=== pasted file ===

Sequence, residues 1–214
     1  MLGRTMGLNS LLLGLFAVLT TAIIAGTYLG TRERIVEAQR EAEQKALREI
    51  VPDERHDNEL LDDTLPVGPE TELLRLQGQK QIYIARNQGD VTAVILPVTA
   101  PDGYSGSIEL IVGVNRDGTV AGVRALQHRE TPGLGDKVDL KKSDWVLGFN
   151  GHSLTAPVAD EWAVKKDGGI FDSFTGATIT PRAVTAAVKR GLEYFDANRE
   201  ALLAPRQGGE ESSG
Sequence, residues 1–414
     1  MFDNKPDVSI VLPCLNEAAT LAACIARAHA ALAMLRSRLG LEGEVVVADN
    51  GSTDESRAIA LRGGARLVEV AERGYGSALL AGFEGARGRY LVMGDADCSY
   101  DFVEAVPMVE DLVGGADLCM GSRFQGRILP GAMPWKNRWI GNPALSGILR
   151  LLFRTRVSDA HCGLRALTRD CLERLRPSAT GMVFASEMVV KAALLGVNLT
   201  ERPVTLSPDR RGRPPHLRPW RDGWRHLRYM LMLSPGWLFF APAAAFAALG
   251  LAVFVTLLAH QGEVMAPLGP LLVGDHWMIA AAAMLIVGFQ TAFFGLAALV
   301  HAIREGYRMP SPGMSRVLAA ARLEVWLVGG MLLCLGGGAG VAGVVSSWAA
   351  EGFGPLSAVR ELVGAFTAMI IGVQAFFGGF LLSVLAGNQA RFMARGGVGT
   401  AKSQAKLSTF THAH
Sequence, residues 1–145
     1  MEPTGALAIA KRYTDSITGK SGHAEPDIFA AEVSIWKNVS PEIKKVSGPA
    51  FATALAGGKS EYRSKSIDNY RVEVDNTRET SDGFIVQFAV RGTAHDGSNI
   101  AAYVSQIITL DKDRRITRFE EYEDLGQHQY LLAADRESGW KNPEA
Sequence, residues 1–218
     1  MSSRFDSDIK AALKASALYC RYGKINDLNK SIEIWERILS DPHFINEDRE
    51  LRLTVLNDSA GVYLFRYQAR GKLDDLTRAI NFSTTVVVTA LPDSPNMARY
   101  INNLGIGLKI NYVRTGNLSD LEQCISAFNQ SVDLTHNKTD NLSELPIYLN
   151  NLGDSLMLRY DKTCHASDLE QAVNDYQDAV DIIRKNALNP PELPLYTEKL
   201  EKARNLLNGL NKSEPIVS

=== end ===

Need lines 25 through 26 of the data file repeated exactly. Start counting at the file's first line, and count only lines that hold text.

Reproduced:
   151  NLGDSLMLRY DKTCHASDLE QAVNDYQDAV DIIRKNALNP PELPLYTEKL
   201  EKARNLLNGL NKSEPIVS